How are copywriting and content marketing different?

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How do you distinguish between copywriting and content marketing? In your personal circles, you might use the terms interchangeably—in fact, many offices and professionals do. But in reality, they’re very different concepts—and if you want to make the most of either one, you need to know why it’s distinct from the other.

Copywriting

Copywriting is the art of crafting written messages for the purposes of achieving some marketing or advertising goal. In common vernacular, it refers to the process of creating ads and other materials that show off a brand in an effort to attract more customers. This includes short snippets, including the name and slogan of the brand, as well as bullet points or descriptive text for marketing collateral. In most cases, copywriting needs to be snappy, attention-catching, and emotionally appealing.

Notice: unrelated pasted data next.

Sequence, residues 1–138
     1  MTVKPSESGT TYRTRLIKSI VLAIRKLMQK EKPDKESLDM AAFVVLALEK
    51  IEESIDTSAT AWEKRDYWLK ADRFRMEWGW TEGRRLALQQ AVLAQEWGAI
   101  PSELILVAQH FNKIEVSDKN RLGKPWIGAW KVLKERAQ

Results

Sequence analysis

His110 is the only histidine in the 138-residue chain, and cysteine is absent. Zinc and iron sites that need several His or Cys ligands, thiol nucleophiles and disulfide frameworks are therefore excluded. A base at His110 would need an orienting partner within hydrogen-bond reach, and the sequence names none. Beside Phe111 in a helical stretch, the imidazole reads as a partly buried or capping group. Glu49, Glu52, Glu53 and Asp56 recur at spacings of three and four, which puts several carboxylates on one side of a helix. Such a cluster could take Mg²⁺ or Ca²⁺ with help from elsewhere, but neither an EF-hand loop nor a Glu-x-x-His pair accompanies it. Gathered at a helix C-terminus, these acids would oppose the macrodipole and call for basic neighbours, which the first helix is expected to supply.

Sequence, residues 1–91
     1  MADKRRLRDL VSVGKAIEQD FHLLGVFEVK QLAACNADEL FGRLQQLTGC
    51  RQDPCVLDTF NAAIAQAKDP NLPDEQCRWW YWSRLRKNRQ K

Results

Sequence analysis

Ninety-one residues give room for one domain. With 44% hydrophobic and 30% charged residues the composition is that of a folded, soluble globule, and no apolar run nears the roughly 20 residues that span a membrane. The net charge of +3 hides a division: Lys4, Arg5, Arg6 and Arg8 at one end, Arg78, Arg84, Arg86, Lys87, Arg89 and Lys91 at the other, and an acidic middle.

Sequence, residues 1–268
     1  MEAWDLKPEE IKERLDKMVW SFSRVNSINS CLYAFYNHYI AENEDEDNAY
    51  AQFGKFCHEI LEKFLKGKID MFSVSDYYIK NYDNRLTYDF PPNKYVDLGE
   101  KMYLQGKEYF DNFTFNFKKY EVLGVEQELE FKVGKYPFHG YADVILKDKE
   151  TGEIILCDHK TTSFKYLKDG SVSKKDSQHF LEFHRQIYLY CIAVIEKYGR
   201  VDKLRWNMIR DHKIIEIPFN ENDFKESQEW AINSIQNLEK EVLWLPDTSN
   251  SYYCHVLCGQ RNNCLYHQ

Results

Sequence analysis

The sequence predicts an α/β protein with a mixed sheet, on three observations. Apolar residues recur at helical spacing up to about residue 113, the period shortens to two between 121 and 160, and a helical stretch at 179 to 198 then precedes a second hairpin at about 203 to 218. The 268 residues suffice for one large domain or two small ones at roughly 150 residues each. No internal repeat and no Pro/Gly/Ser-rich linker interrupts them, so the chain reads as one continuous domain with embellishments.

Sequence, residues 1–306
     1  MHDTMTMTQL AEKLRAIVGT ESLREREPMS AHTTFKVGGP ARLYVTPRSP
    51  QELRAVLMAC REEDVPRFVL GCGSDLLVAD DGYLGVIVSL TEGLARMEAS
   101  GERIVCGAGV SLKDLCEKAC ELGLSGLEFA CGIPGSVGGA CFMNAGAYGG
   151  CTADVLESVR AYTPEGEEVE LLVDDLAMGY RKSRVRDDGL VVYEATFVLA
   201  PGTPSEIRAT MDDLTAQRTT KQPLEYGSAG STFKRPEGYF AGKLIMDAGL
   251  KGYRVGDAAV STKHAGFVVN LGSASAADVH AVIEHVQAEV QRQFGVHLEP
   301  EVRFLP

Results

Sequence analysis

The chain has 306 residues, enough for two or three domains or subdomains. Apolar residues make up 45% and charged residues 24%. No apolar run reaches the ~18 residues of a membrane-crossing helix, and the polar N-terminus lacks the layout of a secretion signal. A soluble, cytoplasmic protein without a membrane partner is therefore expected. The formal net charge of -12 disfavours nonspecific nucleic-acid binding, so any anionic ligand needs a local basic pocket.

Content marketing

Content marketing is easy to confuse with copywriting because it also involves writing messages for an audience, often times in an effort to attract them to the brand. The goal here is to produce an ongoing series of materials (usually online, such as on a blog) that are informative and practical for users. These include things like whitepapers, tutorials, and how-to guides. In most cases, content writing needs to be highly descriptive, unique, and practical.

Overlap

After reading these two descriptions, you may begin thinking that copywriting and content marketing aren’t so different—and there’s definitely some overlap here. Some marketing pieces combine elements of both areas; for example, if you’re printing a brochure, you may need some strong copywriting for the headlines and bullet points, but strong content writing for the interior, convincing portion of the piece.

Additionally, each strategy requires some elements from the other. For example: